And what is this outcome of this free gift to be received on faith? Eternal life! The contrast should be obvious by now, but the outcome of all your work under sin as your "boss" or more accurately as your owner, is death - physical death and eternal separation from God. Yet the outcome of God's undeserved gift of grace is eternal life IN Jesus Christ. Eternal life is given for everyone in Christ - everyone who has come to receive this gift and live for him. Everyone who has come out of the bondage of sin, the ownership of such a brutal taskmaster, and into this marvelous light. Everyone who has seen their rebellion and seen what their Creator did in order to have them back. Everyone who recognizes that the chasm between them and God would never be jumped over or somehow breached unless God himself became a man and took our punishment for us. The gift of eternal life is entirely free to you and I, but not to God. It cost the life of the Son, who willingly sacrificed himself on the cross for our sin, in order that we might become children of God.

Praise his name today! While we were sinners, Christ died for us (Romans 5:8). We who were working for sin, under the bondage of sin, on our way to receiving our just payment of death have been rescued. Yes we will die in this life because of the effects of sin, and yes there are still consequences to our sin that we still struggle with. But you can go about your day and the rest of your life knowing God has rescued you, given you free grace through Jesus Christ, and that your physical death one day has been transformed so that it is no longer the end of anything but the doorway into eternal life with God our Savior.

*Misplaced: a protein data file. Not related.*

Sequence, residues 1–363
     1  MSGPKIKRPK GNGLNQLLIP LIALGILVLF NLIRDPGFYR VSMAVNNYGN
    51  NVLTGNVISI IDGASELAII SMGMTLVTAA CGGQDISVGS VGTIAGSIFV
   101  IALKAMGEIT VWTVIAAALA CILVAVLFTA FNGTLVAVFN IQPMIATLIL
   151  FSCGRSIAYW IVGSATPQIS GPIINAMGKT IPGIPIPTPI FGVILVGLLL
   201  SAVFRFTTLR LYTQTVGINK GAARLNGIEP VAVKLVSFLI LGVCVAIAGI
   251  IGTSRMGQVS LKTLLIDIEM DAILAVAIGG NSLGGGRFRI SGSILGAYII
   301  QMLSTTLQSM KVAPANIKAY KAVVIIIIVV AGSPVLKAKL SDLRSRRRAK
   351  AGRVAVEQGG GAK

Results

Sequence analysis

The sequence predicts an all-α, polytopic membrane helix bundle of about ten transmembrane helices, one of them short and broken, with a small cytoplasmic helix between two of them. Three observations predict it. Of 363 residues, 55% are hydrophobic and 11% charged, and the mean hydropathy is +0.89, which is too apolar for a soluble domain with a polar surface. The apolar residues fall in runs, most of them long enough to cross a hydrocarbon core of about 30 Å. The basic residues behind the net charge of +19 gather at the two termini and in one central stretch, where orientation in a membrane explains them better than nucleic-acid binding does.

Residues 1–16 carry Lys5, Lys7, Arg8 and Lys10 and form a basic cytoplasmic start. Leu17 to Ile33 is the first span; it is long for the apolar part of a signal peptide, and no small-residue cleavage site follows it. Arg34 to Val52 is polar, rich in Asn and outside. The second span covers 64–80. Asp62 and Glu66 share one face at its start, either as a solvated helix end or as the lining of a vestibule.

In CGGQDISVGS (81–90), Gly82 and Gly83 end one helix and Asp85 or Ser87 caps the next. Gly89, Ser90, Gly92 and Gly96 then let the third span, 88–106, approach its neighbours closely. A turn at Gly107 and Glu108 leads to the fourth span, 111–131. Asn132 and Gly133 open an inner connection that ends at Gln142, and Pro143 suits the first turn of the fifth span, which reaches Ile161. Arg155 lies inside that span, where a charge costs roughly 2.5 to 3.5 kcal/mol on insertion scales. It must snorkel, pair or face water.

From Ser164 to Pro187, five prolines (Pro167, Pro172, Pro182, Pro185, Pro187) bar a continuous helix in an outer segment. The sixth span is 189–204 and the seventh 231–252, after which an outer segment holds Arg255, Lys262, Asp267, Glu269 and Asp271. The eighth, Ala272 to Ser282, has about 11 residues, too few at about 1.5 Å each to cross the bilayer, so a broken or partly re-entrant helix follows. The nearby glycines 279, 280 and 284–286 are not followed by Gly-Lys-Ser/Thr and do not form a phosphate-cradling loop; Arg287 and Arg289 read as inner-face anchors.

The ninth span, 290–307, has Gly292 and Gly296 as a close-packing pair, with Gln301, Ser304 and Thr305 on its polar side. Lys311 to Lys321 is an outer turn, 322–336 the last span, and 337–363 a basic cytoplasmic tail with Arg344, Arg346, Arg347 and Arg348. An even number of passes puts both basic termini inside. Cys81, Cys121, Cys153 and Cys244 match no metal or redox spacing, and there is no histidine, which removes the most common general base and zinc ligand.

Sunday, March 14, 2010

She loves life with me

So Noelle and I were working in getting to sleep (for you single guys, it's always more complicated than just climbing in bed and falling asleep), and she told me she loves life with me. I'm not entirely sure if she is thinking coherently because we are both so tired - we went to bed much later than normal last night AND lost an hour of sleep! Recipe for disaster. But, regardless, it is always nice to hear such kind words. Then, of course, I realized I hadn't blogged yet today and so we discussed whether I should bother or not and I decided I definitely needed to. I'm committed to this every day til Mexico thing and am actually hoping to be able to get on the internet and blog during Mexico a couple times as well... no big commitment there however.